Prevalence and risk factors of sarcopenia among adults living in nursing homes

Senior, Hugh E., Henwood, Tim R., Beller, Elaine M., Mitchell, Geoffrey K. and Keogh, Justin W.L. (2015) Prevalence and risk factors of sarcopenia among adults living in nursing homes. Maturitas, 82 4: 418-423. doi:10.1016/j.maturitas.2015.08.006

Author Senior, Hugh E.
Henwood, Tim R.
Beller, Elaine M.
Mitchell, Geoffrey K.
Keogh, Justin W.L.
Title Prevalence and risk factors of sarcopenia among adults living in nursing homes
Journal name Maturitas   Check publisher's open access policy
ISSN 1873-4111
Publication date 2015-08-22
Year available 2015
Sub-type Article (original research)
DOI 10.1016/j.maturitas.2015.08.006
Open Access Status Not Open Access
Volume 82
Issue 4
Start page 418
End page 423
Total pages 6
Place of publication Shannon, Clare Ireland
Publisher Elsevier
Collection year 2016
Language eng
Formatted abstract

Sarcopenia is a progressive loss of skeletal muscle and muscle function, with significant health and disability consequences for older adults. We aimed to evaluate the prevalence and risk factors of sarcopenia among older residential aged care adults using the European Working Group on Sarcopenia in Older People (EWGSOP) criteria.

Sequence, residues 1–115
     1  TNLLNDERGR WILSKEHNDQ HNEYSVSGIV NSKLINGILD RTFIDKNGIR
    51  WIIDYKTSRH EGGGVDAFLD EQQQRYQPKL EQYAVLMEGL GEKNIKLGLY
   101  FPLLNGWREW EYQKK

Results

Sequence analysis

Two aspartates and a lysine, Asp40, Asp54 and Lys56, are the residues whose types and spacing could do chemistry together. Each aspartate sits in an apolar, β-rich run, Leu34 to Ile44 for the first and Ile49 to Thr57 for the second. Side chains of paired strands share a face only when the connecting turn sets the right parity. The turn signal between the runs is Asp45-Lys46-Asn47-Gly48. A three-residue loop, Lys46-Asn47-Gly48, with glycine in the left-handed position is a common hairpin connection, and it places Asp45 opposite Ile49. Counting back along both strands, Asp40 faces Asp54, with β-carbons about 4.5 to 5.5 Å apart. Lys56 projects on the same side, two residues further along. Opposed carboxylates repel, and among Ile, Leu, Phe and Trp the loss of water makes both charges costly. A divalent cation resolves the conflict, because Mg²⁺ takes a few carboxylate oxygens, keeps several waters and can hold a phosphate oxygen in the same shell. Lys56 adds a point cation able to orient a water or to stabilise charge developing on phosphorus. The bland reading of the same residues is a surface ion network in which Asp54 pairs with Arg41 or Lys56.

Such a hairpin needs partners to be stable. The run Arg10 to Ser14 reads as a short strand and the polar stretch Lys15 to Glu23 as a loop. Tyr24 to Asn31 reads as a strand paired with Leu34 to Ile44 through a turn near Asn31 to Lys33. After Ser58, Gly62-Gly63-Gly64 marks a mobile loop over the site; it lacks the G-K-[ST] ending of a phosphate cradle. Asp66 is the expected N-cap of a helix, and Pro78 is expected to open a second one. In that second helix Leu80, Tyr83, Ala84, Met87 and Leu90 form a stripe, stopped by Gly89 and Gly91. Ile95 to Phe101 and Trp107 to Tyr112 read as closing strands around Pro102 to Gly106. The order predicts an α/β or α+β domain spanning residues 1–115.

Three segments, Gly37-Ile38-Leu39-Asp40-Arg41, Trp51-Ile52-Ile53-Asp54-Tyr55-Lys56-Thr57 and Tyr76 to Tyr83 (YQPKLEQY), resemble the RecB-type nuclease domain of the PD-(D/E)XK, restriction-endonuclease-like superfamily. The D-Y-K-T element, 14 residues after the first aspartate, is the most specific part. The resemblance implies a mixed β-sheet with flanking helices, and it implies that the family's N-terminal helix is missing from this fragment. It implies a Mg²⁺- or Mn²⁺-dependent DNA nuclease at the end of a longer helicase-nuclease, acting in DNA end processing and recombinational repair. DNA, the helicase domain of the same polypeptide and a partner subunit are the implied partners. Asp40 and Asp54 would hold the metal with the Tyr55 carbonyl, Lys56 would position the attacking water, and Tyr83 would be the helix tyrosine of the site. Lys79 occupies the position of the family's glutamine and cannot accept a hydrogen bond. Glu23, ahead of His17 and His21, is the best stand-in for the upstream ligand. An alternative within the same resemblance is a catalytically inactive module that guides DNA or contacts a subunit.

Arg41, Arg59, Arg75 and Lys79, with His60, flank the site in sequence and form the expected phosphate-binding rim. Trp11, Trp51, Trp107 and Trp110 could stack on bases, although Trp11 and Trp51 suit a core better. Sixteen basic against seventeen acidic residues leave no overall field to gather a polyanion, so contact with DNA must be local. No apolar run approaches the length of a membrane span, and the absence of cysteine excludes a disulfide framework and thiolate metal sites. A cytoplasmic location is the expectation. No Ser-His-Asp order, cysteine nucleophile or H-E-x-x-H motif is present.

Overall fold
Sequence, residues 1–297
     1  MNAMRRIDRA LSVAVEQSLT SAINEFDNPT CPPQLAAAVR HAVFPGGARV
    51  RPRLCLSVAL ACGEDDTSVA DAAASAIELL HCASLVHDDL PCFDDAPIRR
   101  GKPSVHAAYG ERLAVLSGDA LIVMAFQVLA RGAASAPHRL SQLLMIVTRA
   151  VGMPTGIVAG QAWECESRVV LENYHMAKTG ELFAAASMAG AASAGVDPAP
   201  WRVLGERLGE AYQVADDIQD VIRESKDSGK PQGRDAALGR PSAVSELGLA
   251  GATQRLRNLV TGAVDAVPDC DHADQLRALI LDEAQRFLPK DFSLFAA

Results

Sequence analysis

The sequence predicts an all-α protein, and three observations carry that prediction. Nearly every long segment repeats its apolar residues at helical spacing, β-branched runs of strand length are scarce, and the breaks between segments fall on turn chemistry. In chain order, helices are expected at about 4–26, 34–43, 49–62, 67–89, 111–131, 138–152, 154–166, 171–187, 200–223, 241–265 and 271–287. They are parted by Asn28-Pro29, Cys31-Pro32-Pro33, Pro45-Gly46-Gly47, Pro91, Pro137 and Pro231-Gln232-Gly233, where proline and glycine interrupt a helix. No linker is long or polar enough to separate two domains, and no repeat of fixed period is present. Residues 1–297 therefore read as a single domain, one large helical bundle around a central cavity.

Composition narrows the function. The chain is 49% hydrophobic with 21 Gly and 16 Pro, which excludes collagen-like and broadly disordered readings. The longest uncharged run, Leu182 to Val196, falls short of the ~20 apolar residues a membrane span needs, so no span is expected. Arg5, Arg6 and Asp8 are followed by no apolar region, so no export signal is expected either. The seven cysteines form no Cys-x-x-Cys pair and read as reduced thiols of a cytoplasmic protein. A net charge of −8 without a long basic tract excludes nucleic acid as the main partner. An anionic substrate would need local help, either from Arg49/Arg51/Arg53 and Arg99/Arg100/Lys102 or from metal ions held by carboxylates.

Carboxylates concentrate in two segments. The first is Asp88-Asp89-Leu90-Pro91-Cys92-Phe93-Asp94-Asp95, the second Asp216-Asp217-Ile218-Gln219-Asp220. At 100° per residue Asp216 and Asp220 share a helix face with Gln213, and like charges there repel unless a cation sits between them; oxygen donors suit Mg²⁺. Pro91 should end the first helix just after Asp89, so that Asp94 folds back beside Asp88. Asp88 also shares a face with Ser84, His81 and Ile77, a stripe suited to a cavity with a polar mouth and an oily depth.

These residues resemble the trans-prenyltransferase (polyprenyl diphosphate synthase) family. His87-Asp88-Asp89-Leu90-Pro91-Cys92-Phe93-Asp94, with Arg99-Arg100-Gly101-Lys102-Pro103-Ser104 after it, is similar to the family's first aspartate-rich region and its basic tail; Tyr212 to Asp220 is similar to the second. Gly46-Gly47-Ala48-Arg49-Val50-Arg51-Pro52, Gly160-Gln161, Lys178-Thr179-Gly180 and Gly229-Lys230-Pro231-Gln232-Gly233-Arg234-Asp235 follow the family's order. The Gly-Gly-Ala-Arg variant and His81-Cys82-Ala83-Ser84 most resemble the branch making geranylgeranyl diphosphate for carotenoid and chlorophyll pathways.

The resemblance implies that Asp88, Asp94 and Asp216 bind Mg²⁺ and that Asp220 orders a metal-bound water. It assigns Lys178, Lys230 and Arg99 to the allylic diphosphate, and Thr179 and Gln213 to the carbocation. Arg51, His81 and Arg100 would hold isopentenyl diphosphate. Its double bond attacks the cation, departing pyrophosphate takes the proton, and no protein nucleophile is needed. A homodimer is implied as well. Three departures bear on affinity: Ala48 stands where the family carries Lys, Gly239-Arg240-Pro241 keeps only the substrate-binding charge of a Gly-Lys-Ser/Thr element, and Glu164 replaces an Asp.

Study design

A cross-sectional study design that assessed older people (n = 102, mean age 84.5 ± 8.2 years) residing in 11 long-term nursing homes in Australia.

Main outcome measurements

Sarcopenia was diagnosed from assessments of skeletal mass index by bioelectrical impedance analysis, muscle strength by handheld dynamometer, and physical performance by the 2.4 m habitual walking speed test. Secondary variables where collected to inform a risk factor analysis.


Forty one (40.2%) participants were diagnosed as sarcopenic, 38 (95%) of whom were categorized as having severe sarcopenia. Univariate logistic regression found that body mass index (BMI) (Odds ratio (OR) = 0.86; 95% confidence interval (CI) 0.78–0.94), low physical performance (OR = 0.83; 95% CI 0.69–1.00), nutritional status (OR = 0.19; 95% CI 0.05–0.68) and sitting time (OR = 1.18; 95% CI 1.00–1.39) were predictive of sarcopenia. With multivariate logistic regression, only low BMI (OR = 0.80; 95% CI 0.65–0.97) remained predictive.


The prevalence of sarcopenia among older residential aged care adults is very high. In addition, low BMI is a predictive of sarcopenia.
Keyword Sarcopenia
Residential care
Nursing home
Risk factors
Q-Index Code C1
Q-Index Status Provisional Code
Institutional Status UQ

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